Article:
ALA “ El Dia de Los Libros” Connects Community, Culture, & Literacy
Hispanics Highly Esteem Their Local Library
On April 30, El Dia de los Ninos, the libraries nationwide will be celebrating its annual El Dia de los Libros, an American Library Association initiative to emphasize literacy for all linguistic and cultural backgrounds. This initiative reemphasizes the importance of family and culture in the community a value that ranks high among Hispanic families. It is no wonder that recent studies show Latinos highly esteem their local libraries; higher in more aspects than white or black counterparts.
The Pew’s recent study on Public Libraries and Hispanics identifies how Hispanics, both immigrant and US born, perceive and use libraries in comparison with their white and black counterparts. Most notable about the article is how immigrant Hispanics are less likely to see the library as easy but those who have used the library are most appreciative of library their services and safe and quite environment it provides.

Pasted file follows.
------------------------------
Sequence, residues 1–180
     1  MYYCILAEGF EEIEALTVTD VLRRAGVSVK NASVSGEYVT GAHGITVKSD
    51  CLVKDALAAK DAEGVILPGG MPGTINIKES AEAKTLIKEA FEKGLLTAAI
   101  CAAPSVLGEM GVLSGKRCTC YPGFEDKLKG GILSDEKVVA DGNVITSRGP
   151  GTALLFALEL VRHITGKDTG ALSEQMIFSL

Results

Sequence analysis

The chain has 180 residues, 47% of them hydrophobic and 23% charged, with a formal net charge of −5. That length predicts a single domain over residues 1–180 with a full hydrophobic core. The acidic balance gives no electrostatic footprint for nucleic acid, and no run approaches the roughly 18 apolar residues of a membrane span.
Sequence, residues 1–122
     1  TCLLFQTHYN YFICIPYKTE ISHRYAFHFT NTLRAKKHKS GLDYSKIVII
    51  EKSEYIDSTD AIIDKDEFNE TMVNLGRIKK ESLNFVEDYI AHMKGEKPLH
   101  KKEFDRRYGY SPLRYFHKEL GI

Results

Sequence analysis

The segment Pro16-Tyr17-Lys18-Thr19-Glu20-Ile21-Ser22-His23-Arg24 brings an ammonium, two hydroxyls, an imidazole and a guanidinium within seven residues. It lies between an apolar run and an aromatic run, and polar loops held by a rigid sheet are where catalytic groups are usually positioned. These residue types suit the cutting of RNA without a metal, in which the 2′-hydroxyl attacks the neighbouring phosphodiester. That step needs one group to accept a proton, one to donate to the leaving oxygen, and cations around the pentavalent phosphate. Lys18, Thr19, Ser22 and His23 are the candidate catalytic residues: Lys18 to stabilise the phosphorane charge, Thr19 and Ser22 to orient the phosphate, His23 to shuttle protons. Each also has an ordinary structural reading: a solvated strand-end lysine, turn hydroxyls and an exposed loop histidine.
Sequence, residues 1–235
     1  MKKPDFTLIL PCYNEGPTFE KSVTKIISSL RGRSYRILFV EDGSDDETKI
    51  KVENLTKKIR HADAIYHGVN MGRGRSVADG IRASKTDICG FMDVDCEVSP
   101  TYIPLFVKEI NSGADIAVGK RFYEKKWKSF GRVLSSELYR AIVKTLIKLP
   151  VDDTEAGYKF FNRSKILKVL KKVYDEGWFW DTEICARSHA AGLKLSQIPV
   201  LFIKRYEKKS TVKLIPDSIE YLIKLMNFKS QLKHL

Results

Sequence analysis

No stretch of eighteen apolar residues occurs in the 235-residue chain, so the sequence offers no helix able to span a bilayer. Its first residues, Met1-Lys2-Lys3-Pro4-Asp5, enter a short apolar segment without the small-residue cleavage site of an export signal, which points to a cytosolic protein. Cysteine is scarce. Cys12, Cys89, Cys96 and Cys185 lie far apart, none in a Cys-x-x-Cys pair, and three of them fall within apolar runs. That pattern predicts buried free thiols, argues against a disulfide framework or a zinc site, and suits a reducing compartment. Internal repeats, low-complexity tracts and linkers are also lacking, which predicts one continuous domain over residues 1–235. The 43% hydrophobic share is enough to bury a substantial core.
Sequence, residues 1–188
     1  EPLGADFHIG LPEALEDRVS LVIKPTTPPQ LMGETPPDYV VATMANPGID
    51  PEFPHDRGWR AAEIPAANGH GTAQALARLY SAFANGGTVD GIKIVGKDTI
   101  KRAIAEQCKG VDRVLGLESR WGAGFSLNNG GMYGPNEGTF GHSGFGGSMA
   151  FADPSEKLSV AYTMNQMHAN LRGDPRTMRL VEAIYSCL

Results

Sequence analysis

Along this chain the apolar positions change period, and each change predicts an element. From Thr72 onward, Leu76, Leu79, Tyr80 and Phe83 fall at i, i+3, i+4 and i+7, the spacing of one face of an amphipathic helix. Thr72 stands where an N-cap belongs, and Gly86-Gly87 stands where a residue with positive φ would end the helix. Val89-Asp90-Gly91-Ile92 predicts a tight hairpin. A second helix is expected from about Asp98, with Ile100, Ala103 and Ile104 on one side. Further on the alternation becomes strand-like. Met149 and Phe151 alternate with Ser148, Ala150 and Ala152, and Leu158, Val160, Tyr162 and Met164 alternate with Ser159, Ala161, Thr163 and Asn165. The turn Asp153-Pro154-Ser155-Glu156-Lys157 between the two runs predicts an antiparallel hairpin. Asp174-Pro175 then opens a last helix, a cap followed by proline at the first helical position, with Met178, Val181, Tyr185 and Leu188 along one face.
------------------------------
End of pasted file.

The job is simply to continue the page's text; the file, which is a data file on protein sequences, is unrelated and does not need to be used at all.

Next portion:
Coincidentally, a new report from the American Library Association released during National Library Week, April 12-18, indicates the perception of the local library and its role has changed in the eyes of the American population. In it the report states that libraries are now viewed as “anchors, centers for academic life and research and cherished places.”Hispanics agree with this sentiment. According to the Pew Hispanics have high regard for public libraries in their perception of Libraries. Greater than 70 percent strongly agree libraries:
- Promote literacy and love of reading (80 percent)
- Give everyone a chance to succeed (75 percent)
- Improve quality of life in the community (71 percent)
The Pew further found that Hispanic immigrant library users rate library services highest than US Born Hispanics, Whites, and Blacks as
- Having a quiet safe place 85%
- Research resources 82%
- Free books & media 83%
- Programs for youth 77%
- Librarian assistance 76%
- Help in applying for job 68% among others
These perceptions help highlight the need for continued support of the local libraries under threat of decreasing funds or closure. According the ALA, 17% of states which provide state funding for public libraries reported decreased funding for 2014 and 46% of Chief Officers of State Library Agencies were unsure whether their states would decrease or increase funding.
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